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Accelerometer-measured physical activity at work and need for recovery: A compositional analysis of cross-sectional data
The National Research Centre for the Working Environment, Denmark.
The National Research Centre for the Working Environment, Denmark.
National research centre for the working environment, Denmark.
University of Gävle, Faculty of Health and Occupational Studies, Department of Occupational Health Science and Psychology, Occupational Health Science. University of Gävle, Centre for Musculoskeletal Research.ORCID iD: 0000-0002-2741-1868
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2019 (English)In: Annals of Work Exposures and Health, ISSN 2398-7308Article in journal (Refereed) Epub ahead of print
Abstract [en]

Objectives

Previous research has shown strong associations between occupational physical activity (OPA) and need for recovery (NFR). However this research has only utilized self-reported measures of OPA which may be biased. Thus, there is a need for investigating if the previously documented association between self-reported OPA and NFR can be found when using technical measures of OPA. There is also the need to investigate whether older workers are particularly susceptible to increased NFR, since age-related declines in physical capacity mean that it is likely these workers will have a higher NFR for a given physical activity. The aim of this study was to investigate the association between technically measured OPA and NFR, and whether this relationship is modified by age.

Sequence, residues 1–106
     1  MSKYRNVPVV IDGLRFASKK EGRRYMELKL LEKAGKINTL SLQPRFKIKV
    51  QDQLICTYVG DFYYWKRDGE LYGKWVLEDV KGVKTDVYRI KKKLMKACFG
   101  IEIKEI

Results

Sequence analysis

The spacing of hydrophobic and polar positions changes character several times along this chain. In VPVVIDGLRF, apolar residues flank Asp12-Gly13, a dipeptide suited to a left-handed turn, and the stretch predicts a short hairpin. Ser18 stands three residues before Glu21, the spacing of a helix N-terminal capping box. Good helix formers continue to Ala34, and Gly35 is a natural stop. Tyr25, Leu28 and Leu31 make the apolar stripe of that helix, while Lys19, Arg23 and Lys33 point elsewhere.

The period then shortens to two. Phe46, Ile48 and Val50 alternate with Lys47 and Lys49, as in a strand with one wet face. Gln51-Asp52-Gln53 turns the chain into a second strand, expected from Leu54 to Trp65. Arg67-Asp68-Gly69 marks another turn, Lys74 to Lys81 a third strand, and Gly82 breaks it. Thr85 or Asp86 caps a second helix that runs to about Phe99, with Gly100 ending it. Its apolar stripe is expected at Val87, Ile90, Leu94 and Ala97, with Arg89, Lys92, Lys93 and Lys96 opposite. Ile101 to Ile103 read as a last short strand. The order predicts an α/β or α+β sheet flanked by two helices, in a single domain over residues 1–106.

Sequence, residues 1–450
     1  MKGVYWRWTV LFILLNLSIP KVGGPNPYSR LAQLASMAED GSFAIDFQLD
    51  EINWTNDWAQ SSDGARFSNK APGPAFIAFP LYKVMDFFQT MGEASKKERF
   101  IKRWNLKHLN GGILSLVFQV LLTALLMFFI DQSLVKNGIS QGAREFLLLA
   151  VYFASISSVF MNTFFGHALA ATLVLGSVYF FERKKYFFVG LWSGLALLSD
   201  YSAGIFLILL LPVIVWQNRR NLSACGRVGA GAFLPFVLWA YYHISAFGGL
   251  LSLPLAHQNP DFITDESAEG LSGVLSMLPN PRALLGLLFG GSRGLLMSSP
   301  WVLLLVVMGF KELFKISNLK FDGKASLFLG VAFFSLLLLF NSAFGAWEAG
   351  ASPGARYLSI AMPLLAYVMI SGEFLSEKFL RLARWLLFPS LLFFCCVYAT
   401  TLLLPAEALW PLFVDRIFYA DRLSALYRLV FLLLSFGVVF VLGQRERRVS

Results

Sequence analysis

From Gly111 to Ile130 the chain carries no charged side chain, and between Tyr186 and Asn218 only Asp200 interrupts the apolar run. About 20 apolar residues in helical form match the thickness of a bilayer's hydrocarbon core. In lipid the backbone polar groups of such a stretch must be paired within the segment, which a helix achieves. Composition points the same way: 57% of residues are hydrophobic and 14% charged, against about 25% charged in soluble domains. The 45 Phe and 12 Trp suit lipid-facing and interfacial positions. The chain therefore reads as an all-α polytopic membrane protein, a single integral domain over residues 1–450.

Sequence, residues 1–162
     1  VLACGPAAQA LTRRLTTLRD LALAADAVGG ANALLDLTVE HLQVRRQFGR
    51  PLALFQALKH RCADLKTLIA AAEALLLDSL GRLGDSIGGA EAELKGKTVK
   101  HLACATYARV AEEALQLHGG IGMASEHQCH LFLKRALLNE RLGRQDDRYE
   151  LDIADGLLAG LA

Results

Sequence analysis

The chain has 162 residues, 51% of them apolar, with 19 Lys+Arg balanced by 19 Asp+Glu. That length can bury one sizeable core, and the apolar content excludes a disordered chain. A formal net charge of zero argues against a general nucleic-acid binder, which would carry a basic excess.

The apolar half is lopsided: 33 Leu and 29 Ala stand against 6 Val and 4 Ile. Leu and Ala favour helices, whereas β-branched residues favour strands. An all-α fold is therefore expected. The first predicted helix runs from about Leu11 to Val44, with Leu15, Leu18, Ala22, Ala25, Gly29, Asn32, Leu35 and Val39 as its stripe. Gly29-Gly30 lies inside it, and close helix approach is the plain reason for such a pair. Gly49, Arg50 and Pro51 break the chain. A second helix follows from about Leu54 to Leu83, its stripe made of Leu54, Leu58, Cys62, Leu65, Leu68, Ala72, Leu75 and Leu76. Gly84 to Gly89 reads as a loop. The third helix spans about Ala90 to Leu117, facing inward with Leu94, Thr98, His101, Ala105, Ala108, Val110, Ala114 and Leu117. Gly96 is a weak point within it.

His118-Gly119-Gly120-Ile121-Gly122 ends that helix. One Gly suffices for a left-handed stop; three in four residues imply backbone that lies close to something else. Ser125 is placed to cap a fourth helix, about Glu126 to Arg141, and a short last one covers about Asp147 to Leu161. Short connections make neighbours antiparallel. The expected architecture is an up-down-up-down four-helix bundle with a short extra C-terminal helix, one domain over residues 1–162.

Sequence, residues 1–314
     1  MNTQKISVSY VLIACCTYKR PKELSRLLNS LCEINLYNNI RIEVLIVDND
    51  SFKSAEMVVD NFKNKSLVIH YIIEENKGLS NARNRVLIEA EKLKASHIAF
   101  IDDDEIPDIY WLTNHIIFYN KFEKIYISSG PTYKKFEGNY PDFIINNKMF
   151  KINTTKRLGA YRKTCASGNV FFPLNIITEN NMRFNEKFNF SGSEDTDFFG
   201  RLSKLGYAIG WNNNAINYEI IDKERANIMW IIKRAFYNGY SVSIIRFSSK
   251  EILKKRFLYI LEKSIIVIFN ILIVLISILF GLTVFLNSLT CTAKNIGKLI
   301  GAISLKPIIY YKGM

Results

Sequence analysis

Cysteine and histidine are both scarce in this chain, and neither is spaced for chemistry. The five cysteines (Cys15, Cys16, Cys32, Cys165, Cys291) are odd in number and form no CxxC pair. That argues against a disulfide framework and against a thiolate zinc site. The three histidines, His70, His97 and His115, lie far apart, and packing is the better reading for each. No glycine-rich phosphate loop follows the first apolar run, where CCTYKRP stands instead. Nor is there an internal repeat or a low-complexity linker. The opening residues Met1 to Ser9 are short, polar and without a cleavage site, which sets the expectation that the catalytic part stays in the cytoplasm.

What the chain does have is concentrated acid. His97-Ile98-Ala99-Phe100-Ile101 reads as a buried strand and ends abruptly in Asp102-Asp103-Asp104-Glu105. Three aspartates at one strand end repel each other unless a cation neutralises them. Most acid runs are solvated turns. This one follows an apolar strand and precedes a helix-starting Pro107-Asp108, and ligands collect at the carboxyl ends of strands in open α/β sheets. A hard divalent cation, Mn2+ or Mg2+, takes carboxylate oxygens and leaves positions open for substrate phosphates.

Methods

This study utilized data from the Danish Physical Activity Cohort with Objective Measurements cohort—comprising Danish workers (n = 840) from the cleaning, manufacturing, and transportation sectors. OPA was measured by accelerometers attached to the thigh and upper back for at least one work day and classified into four physical behaviour categories (sedentary, standing, light, or moderate/vigorous). NFR was measured using a shortened version of the Danish NFR scale. Analysis was conducted using linear regression and isotemporal substitution analyses for compositional data.

Results

The overall association between OPA and NFR was statistically significant in the unadjusted model (P < 0.001), but not when adjusted for age, sex, occupation, and shift work (P = 0.166). Isotemporal substitution showed small but significant reductions in NFR when increasing sedentary time relative to other behaviours (adjusted: ΔNFR = −0.010 [−0.019; −0.001]). There were no significant interactions between age and OPA (P = 0.409).

Conclusions

This study found significant associations between OPA and NFR, but the effect sizes were small. Reallocating 30 min to sedentary behaviours from other behaviours was associated with a reduced NFR, but the effect size may not be practically relevant. Moreover, no clear modifying effects of age were identified.

Place, publisher, year, edition, pages
Oxford University Press, 2019.
Keywords [en]
blue-collar workers, compositional data analysis, physical activity, physical behaviour, need for recovery, triaxial accelerometers
National Category
Occupational Health and Environmental Health
Research subject
Health-Promoting Work
Identifiers
URN: urn:nbn:se:hig:diva-31082DOI: 10.1093/annweh/wxz095PubMedID: 31879769OAI: oai:DiVA.org:hig-31082DiVA, id: diva2:1373008
Available from: 2019-11-26 Created: 2019-11-26 Last updated: 2020-01-24Bibliographically approved

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Hallman, David

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